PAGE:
[0022] One measure of the amount of cooking of Step 16 is the degree of gelatinization in this step. It is preferable that the percent gelatinization of the starch be at least about 80%, preferably at least about 85%, and most preferably greater than about 90% as measured by a differential scanning colorimeter (“DSC”) technique. Additional gelatinization can occur during subsequent processing steps associated with the sterilization process. Another test of the degree of cooking is by analyzing the texture using a TA-XT2 Texture Analyzer (TA Instruments Corp., New Castle, Del.) with P/2N Needle Probe. Such testing is performed as follows: 1 cc cubes are cut from cooked potatoes immediately after cooking and placed on a platform positioned centrally under the 2 mm needle probe that is attached to the load cell carrier. The test begins and measures the force to penetrate the center of the potato. Replicates of each cooking condition are made to assure consistency.

[0023] The time for at least partial cooking in Step 16 can vary. Typically, cooking is performed in steam or hot water as is conventional for the cooking of potatoes for producing dehydrated products such as granules or flakes. Depending on the desired temperature after cooking, time may be less than about 90 minutes, preferably less than about 45 minutes, and most preferably less than 30 minutes. An advantage of a shorter cooking time is to provide a flavor and texture to the end product substantially the same as from scratch, that is, a mashed potato product from fresh potatoes that are cooked, mashed, and served while still warm.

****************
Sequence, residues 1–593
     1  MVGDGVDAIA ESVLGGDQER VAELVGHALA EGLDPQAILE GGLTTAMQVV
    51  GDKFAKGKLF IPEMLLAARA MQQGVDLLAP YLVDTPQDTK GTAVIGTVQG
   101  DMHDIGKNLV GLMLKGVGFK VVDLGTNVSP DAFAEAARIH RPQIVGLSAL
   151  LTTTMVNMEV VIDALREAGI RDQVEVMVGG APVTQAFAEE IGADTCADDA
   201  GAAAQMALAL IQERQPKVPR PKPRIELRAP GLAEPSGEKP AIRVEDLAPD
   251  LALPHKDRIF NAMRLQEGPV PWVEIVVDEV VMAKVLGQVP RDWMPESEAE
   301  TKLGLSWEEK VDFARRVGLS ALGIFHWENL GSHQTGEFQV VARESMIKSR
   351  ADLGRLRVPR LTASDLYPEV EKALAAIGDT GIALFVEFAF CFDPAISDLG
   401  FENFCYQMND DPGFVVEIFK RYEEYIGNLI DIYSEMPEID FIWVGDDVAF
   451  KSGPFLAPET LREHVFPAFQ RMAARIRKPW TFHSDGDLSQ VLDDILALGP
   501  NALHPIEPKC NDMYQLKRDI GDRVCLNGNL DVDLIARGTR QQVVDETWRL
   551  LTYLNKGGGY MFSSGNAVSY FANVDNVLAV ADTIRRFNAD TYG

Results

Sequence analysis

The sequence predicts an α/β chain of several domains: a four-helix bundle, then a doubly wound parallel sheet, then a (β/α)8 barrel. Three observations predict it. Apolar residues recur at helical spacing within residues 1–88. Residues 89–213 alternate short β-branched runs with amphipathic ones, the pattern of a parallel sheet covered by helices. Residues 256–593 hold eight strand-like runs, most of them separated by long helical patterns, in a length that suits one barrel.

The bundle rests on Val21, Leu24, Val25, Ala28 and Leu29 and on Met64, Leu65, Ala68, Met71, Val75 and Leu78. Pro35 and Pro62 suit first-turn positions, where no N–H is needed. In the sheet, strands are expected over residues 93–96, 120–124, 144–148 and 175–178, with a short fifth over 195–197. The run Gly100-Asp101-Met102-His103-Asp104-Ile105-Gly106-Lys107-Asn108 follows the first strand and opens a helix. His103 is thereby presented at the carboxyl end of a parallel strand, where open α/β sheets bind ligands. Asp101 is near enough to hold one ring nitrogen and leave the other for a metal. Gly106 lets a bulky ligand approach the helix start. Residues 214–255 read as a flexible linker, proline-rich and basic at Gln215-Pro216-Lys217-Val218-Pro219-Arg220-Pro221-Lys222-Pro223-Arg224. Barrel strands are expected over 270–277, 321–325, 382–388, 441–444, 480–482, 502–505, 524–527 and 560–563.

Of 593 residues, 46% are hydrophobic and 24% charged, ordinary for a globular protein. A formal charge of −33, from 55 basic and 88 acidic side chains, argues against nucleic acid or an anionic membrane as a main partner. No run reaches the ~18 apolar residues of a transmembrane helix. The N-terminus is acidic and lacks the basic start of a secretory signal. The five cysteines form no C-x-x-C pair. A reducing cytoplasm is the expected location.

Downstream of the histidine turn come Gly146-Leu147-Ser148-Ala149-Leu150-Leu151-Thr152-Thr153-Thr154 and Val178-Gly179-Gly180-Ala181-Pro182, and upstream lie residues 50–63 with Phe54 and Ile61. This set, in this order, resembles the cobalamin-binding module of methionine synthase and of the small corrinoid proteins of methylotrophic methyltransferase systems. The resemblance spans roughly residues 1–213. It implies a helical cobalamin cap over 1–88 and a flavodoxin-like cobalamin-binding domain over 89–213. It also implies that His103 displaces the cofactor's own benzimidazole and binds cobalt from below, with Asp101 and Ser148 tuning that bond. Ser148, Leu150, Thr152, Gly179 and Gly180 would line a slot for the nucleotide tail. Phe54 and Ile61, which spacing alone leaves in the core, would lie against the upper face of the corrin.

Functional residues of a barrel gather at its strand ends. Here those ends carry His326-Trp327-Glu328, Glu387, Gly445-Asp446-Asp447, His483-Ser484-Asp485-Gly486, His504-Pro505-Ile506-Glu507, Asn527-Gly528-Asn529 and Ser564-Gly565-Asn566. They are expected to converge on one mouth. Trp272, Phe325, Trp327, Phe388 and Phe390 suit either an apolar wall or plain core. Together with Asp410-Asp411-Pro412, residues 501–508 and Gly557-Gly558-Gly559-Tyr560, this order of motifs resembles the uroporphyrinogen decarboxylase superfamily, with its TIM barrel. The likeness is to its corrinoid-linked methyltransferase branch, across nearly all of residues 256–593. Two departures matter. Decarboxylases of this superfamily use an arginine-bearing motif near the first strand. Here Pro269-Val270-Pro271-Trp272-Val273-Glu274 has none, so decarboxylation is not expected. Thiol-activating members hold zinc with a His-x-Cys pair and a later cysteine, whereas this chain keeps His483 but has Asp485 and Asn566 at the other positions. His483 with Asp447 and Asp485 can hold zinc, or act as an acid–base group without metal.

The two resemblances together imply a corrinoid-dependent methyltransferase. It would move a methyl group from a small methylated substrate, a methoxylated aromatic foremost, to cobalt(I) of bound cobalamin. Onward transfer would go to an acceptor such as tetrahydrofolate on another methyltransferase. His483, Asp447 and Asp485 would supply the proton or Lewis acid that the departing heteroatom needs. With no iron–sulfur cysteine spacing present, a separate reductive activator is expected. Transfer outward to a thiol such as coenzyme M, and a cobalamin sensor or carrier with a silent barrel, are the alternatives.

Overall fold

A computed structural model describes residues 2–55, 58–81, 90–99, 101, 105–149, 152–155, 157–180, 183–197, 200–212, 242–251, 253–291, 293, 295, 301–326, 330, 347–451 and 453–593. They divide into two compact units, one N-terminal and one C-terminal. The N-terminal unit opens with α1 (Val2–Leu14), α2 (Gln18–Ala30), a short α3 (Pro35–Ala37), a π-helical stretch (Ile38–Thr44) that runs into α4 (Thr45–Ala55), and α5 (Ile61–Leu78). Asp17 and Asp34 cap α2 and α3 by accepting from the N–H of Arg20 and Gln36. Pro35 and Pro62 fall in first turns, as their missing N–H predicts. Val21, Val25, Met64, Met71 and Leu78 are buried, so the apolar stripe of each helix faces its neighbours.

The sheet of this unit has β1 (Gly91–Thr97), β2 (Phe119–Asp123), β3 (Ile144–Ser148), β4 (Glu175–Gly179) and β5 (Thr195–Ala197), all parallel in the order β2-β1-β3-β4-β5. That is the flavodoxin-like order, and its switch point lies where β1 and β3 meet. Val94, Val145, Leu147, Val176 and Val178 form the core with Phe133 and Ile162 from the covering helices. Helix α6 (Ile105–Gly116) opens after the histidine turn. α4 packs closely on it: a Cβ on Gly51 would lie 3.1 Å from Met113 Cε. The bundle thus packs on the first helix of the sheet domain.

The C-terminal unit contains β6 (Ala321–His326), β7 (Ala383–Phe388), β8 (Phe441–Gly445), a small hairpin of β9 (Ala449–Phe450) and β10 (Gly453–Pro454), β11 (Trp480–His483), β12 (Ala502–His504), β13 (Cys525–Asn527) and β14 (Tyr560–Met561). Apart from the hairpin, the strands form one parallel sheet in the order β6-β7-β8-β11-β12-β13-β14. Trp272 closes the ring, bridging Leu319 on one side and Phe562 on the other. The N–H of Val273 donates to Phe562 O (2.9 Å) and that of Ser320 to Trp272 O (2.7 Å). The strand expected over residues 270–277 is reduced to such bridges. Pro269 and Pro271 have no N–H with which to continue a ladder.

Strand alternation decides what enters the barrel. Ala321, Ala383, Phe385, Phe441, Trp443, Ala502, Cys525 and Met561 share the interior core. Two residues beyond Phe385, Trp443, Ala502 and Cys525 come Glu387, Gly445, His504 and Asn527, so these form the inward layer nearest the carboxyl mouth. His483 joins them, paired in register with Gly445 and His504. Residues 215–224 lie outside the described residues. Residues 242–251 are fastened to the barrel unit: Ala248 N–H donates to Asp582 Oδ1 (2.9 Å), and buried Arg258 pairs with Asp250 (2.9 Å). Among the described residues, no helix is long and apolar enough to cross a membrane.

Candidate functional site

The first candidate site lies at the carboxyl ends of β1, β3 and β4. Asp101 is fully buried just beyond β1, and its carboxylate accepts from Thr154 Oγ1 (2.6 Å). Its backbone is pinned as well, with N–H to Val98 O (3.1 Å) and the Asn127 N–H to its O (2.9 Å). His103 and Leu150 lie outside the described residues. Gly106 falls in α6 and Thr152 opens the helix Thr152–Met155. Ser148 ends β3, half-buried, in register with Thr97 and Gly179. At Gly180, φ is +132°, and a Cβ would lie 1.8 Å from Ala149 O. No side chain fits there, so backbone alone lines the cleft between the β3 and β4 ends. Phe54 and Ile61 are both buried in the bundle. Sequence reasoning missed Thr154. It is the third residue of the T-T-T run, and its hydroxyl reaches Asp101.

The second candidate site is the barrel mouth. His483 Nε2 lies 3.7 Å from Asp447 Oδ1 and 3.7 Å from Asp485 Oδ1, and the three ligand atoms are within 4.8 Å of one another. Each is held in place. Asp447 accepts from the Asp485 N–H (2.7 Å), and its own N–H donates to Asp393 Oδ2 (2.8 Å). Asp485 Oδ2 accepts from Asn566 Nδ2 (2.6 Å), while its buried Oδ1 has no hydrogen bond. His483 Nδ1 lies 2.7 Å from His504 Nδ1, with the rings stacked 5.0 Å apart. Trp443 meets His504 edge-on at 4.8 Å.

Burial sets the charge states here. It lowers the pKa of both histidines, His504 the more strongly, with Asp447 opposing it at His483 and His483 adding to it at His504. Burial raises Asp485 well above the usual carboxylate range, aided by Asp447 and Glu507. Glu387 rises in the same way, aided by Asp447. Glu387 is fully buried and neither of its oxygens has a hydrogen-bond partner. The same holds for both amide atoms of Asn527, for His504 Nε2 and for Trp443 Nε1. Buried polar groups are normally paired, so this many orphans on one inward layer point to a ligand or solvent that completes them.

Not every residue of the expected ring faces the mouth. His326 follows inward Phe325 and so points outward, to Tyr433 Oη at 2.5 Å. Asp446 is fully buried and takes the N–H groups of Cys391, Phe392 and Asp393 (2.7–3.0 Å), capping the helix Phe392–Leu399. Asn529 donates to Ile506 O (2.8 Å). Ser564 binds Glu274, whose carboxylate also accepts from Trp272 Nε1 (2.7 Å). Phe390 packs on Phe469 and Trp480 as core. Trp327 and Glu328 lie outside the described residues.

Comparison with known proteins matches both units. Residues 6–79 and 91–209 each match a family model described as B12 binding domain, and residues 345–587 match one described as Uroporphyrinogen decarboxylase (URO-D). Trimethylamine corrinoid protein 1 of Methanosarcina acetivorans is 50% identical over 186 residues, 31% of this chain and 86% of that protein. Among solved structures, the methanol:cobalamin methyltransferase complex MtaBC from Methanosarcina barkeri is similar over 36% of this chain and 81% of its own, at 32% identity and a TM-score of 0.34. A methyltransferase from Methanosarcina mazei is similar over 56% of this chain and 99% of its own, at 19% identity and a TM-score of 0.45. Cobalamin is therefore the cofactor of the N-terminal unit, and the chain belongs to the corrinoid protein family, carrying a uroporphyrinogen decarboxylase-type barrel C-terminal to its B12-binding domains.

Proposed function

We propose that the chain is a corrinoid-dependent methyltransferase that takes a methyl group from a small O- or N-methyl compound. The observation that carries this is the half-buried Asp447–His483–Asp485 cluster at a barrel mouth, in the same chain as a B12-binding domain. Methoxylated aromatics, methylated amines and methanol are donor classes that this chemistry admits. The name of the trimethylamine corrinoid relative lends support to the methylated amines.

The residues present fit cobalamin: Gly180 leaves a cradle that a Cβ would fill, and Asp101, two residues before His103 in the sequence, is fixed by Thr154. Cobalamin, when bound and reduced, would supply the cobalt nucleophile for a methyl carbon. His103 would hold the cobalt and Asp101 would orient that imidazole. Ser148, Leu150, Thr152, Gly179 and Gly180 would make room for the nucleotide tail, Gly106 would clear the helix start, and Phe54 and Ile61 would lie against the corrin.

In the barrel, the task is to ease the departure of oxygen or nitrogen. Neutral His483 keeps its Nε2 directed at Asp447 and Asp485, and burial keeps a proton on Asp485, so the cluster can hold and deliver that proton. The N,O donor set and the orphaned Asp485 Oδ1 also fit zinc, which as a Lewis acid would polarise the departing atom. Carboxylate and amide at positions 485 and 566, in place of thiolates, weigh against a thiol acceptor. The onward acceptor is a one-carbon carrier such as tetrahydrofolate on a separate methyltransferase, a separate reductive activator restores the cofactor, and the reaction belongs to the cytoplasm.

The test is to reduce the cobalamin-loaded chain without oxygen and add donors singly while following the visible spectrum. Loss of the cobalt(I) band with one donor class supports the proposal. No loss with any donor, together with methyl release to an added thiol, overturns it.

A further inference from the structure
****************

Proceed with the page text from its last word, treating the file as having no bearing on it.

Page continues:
[0024] As used herein, the term “at least partially cooking” in Step 16 also encompasses multiple steps that achieve an at least partially cooked potato. For example, the potato may be precooked, cooled, and cooked, a process that is known in the making of flakes or granules. Such a precooked, cooled, and cooked process is described in chapter 13 of Talbert, W. F. & Smith, O., Potato Processing, 4th edition at page 569.

[0025] After Step 16, the potato pieces are mashed (e.g., by ricing) in Step 18 in a manner conventionally used for mashing potatoes which is in a process for producing granules or flakes, e.g., Potato Processing at page 575. Mashing refers to comminuting the potatoes to a continuous mass of a consistency and particle size comparable to a conventional mashed potato made from scratch. Typical conditions are to force the potato through a ricer with a grid with openings of 0.375 inch for discharge.

[0026] In Step 20, the mashed potato is typically mixed with a variety of flavoring ingredients. Such ingredients are well known in the field and typically include flavoring ingredients added to fresh mashed potatoes to produce an end product including milk, butter, salt, and the like. Any of the well-known methods may be used to mix flavoring ingredients into the mashed potato. One way is to add the flavoring ingredients to the mashed potato in a hot water jacketed paddle mixer maintained under a steam environment.

[0027] As will be discussed in more detail later, it is preferable to maintain the temperature (from mashing to mixing to sterilizing described below) so that the potato is not cooled below about 30° C. during these steps. Thus, potatoes preferably are maintained during these steps at a temperature in excess of about 60° C., more preferably 75° C., and most preferably 90° C. It is preferred that the temperature decrease no more than about 30° C., preferably 15° C., more preferably 5° C. or less below the temperature of mashing or other preprocessing and prior to pressurizing during sterilization to be described hereinafter. This temperature profile from mashing to sterilization is referred to as “the temperature maintenance range.” It provides the following benefits: 1) provides temperature continuity between the mashing step and the sterilization step, 2) provides additional gelatinization, and 3) maintains the fresh flavor of the partially cooked food while allowing the adiabatic temperature increase during pressurization to sterilize the food.